Christian Aid's programme 'Power to the People: Making governance work for marginalised groups' funds three partners across Latin America and the Caribbean, two partners in Brazil and one in the Dominican Republic.
Brazilian society has one of the widest gaps between rich and poor in the world. Marginalised communities often lack access to land, basic services and employment due to political marginalisation. Find out more about Brazil.
Institute of Socio-Economic Studies (INESC)
INESC strives to empower marginalised groups in Brazil that might not otherwise have their voices heard. INESC has helped to found the 'National Platform of Social Movements for Political Systems Reform', a campaign seeking to strengthen democracy in Brazil and improve access to information for citizens.
Among other things, the campaign calls for political parties to ensure that a significant proportion of women candidates and indigenous people are represented, and that political party finance is transparent. INESC works with civil society groups to achieve these goals, creating alliances with the Brazilian parliament to pursue legislative change and increasing awareness of these issues.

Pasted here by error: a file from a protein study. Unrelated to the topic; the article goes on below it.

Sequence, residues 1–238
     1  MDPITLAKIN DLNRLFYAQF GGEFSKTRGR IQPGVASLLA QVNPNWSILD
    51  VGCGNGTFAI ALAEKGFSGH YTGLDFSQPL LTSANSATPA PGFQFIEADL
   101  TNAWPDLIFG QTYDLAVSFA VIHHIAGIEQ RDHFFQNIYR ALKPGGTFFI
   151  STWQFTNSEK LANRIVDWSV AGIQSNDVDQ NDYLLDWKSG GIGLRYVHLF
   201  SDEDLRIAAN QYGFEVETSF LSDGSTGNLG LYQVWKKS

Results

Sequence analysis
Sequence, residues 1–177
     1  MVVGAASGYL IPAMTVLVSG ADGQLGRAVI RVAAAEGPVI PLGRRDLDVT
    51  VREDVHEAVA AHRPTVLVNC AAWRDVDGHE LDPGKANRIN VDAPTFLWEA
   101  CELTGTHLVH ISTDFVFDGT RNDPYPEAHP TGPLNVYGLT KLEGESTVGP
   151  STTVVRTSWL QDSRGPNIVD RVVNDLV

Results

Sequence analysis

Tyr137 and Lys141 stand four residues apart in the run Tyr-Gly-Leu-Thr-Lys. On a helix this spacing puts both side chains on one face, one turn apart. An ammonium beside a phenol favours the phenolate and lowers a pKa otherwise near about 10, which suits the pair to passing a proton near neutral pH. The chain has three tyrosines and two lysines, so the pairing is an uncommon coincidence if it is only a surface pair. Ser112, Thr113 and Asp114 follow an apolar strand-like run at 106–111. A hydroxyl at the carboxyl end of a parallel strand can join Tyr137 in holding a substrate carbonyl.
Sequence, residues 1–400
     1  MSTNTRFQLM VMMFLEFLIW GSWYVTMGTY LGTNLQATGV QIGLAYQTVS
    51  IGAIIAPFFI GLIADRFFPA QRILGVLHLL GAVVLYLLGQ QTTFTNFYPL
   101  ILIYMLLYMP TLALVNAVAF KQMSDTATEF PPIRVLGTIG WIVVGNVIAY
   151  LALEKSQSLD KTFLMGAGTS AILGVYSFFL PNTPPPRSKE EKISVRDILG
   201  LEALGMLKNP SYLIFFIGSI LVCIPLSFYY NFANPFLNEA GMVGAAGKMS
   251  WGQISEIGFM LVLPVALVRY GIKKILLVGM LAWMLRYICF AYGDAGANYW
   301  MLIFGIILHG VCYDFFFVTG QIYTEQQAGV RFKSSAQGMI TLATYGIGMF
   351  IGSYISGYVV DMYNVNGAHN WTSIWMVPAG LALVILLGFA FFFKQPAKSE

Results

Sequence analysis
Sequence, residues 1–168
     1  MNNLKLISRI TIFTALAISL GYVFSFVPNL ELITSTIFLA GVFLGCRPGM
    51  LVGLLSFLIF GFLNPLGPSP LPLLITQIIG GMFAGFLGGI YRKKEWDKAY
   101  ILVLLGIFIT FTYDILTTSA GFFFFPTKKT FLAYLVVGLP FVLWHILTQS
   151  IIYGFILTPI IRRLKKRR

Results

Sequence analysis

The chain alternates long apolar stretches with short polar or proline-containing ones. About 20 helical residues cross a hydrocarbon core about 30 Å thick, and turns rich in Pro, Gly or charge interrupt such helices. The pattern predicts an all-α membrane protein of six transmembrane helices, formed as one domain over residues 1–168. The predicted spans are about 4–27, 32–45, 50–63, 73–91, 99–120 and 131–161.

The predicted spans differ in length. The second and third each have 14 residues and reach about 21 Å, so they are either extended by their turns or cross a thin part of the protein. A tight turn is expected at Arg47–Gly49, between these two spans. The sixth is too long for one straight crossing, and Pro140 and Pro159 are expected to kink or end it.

Thanks to this campaign, the Ficha Limpa (Clean Act) has been passed. This new law ensures that people with criminal convictions cannot stand for election. As a result in the 2010, a number of politicians were unable to stand.
Ecumenical Service Coordination (CESE)
CESE supports local projects largely focused on securing the right to land and services for indigenous and Quilombola communities. Their campaigns have drawn attention to the plight of these communities, resulting in some favourable legal concessions from the government.
CESE seeks to strengthen communities to ensure the government delivers on promises. It also provides small grants to these communities to advocate at local, state and national levels. CESE lobbies and campaigns on symbolic cases in order to secure precedent for legal change and a better future for these communities.